Create a "Snakepit" directory for storing all the Python virtual environments.

mkdir ~/Snakepit Create a virtualenv for Willie

The following will create a new virtualenv called willie using Python 2.7 as the interpreter.

virtualenv -p /usr/bin/python2.7 ~/Snakepit/willie Working on a virtualenv

Activate the virtualenv for Willie.

source ~/Snakepit/willie/bin/activate

Your shell prompt will change, something like (willie)user@host:~$, while a virtualenv is being worked on to indicate which virtualenv is currently active.

While working on a virtualenv you can pip install what you need or manually install any Python libraries safe in the knowledge you will not upset any other virtualenvs or the global packages in the process. Very useful for developing a new branch which may have different library requirements than the current stable release.

When you are finished working in a virtualenv you can deactivate it by simply executing deactivate.

Install Willie

I've decided to use Python 2.7 to run Willie and therefore have to install backports.ssl_match_hostname which is not required if you use Python 3.3.

pip install willie backports.ssl_match_hostname Additional functionality

Willie has no external dependencies, besides Python. However, some of the modules do have external dependencies. So install the following Python modules so that I can make use of everything Willie can do.

pip install feedparser pytz lxml praw pyenchant pygeoip ipython --upgrade Configure Willie

I am not going to explain to how to configure Willie because all that good stuff is very well documented by the project.

But for reference, my default.cfg looks something like this:

[core] nick = nicofyourbot user = nicofyourbot name = Give You Bot A Name host = use_ssl = true verify_ssl = true port = 6697 owner = nicofthebotowner channels = #example nickserv_password = ************ prefix = \. timeout = 120 [db] userdb_type = sqlite userdb_file = /home/username/.willie/willie.db Willie as a daemon

From this point on I assume you've completed the first run configuration of Willie and have .willie/default.cfg in your home directory.

Add the following to /etc/init.d/willie.

#!/bin/sh ### BEGIN INIT INFO # Provides: willie # Required-Start: $local_fs $remote_fs # Required-Stop: $local_fs $remote_fs # Should-Start: $network # Should-Stop: $network # Default-Start: 2 3 4 5 # Default-Stop: 0 1 6 # Short-Description: Willie IRC Bot. # Description: Start and stops the Willie IRC bot for a given user. ### END INIT INFO # NOTE! Replace with the user you want to run Willie. willie_USER="yourusername" HOMEDIR=$(getent passwd $willie_USER | awk -F: '{print $6}') DAEMON="$HOMEDIR/Snakepit/willie/bin/willie" CONFIG="$HOMEDIR/.willie/default.cfg" startd() { if [ -f ${CONFIG} ]; then echo "Starting Willie for $willie_USER" start-stop-daemon -c $willie_USER -u $willie_USER -x $DAEMON -S -- --config ${CONFIG} --fork --quiet else echo "Couldn't start Willie for $willie_USER (no $CONFIG found)" fi } stopd() { echo "Stopping Willie for $willie_USER" willie_PID=$(pgrep -fu $willie_USER $DAEMON) if [ -z "$willie_PID" ]; then echo "Willie for USER $willie_USER: not running." else kill -15 $willie_PID fi } status() { willie_PID=$(pgrep -fu $willie_USER $DAEMON) if [ -z "$willie_PID" ]; then echo "Willie for USER $willie_USER: not running." else echo "Willie for USER $willie_USER: running (pid $willie_PID)" fi } case "$1" in start) startd ;; stop) stopd ;; restart|reload|force-reload) stopd && startd ;; status) status ;; *) echo "Usage: /etc/init.d/willie {start|stop|reload|force-reload|restart|status}" exit 1 ;; esac exit 0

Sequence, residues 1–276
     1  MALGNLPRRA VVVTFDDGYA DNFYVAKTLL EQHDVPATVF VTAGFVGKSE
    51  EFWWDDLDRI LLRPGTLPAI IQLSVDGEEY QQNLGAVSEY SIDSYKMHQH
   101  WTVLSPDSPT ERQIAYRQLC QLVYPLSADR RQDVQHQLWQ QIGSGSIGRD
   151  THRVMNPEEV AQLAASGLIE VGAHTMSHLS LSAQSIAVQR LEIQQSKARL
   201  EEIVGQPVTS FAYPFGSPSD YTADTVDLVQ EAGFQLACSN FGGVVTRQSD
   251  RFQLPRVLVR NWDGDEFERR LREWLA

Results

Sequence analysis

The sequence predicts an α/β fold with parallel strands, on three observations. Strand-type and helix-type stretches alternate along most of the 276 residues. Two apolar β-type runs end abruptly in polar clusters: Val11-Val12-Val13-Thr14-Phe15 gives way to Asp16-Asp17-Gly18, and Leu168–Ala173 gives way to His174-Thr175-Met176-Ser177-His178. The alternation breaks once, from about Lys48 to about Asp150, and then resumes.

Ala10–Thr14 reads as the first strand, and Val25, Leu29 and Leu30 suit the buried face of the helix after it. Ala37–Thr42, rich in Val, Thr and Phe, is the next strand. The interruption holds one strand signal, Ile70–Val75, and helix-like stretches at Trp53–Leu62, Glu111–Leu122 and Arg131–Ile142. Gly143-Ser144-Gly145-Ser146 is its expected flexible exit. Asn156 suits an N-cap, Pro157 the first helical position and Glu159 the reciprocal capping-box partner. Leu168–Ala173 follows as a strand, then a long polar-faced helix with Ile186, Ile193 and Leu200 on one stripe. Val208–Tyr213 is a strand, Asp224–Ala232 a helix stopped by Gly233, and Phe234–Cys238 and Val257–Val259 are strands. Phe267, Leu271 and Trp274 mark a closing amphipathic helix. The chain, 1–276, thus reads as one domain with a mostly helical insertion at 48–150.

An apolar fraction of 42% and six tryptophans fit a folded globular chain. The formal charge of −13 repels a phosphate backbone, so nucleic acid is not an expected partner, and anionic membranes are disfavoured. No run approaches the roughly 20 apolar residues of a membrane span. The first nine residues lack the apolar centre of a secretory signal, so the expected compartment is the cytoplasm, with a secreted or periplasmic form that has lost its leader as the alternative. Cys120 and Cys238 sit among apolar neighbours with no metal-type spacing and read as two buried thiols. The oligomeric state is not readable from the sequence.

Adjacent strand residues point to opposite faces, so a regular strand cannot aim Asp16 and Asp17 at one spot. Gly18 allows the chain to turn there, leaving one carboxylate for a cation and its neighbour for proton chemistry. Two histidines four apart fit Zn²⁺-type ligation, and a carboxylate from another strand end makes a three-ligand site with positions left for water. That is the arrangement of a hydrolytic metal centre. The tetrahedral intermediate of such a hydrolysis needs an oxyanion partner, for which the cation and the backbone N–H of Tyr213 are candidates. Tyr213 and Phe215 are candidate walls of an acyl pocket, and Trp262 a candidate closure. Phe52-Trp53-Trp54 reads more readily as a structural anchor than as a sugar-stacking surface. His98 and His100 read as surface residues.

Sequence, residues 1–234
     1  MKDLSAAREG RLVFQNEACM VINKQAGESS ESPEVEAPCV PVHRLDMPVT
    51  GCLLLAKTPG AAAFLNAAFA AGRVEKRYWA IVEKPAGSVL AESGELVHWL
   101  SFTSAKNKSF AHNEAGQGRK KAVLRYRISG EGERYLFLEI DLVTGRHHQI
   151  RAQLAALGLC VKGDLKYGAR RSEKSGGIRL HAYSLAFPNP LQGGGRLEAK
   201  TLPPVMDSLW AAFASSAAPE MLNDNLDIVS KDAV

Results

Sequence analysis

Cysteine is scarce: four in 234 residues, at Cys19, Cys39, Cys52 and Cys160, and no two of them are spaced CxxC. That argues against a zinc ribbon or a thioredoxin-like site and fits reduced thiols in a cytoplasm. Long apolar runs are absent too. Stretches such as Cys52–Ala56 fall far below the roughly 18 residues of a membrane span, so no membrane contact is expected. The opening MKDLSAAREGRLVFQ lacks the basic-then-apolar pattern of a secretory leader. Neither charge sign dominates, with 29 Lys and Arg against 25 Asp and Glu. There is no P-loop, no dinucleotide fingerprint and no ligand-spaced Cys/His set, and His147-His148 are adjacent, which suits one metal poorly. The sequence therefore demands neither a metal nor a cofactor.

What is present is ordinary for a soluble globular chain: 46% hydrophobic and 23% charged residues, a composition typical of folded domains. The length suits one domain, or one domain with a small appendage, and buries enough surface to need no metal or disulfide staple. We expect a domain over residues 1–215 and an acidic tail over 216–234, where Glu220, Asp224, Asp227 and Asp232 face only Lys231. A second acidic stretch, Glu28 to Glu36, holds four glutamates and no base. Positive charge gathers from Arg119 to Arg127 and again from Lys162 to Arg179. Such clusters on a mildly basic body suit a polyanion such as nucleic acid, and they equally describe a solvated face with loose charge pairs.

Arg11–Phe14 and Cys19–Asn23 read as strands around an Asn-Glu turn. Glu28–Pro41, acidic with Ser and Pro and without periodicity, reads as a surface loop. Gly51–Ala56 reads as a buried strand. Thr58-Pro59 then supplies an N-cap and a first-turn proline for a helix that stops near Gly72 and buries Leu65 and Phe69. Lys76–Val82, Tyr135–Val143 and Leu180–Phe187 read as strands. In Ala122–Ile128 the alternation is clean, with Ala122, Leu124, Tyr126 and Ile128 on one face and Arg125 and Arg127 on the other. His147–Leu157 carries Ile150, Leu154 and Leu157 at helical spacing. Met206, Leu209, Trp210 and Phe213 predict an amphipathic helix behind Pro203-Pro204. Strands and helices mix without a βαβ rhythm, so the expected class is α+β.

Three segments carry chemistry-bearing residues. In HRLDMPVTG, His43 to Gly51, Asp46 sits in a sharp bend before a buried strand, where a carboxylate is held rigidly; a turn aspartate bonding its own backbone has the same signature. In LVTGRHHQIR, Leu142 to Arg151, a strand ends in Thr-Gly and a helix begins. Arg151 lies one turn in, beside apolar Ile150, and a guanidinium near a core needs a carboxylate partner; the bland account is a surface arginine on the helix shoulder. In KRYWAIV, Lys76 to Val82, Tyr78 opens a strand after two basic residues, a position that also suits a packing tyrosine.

Set the permissions.

sudo chmod +x /etc/init.d/willie

Check that you can start/stop Willie.

sudo /etc/init.d/willie start sudo /etc/init.d/willie status sudo /etc/init.d/willie stop

Add willie to the startup/shutdown sequence.

sudo update-rc.d willie defaults

And that's it. Willie is now running as a daemon inside a virtualenv.

Categories: LUG Community Blogs

Steve Kemp: Rebooting the CMS

Sat, 09/08/2014 - 08:59

I run a cluster for the Debian Administration website, and the code is starting to show its age. Unfortunately the code is not so modern, and has evolved a lot of baggage.

Given the relatively clean separation between the logical components I'm interested in trying something new. In brief the current codebase allows:

  • Posting of articles, blog-entries, and polls.
  • The manipulation of the same.
  • User-account management.

It crossed my mind the other night that it might make sense to break this code down into a number of mini-servers - a server to handle all article-related things, a server to handle all poll-related things, etc.

If we have a JSON endpoint that will allow:

  • GET /article/32
  • POST /article/ [create]
  • GET /articles/offset/number [get the most recent]

Then we could have a very thin shim/server on top of that whihc would present the public API. Of course the internal HTTP overhead might make this unworkable, but it is an interesting approach to the problem, and would allow the backend storage to be migrated in the future without too much difficulty.

At the moment I've coded up two trivial servers, one for getting user-data (to allow login requests to succeed), and one for getting article data.

There is a tiny presentation server written to use those back-end servers and it seems like an approach that might work. Of course deployment might be a pain..

It is still an experiment rather than a plan, but it could work out:

Categories: LUG Community Blogs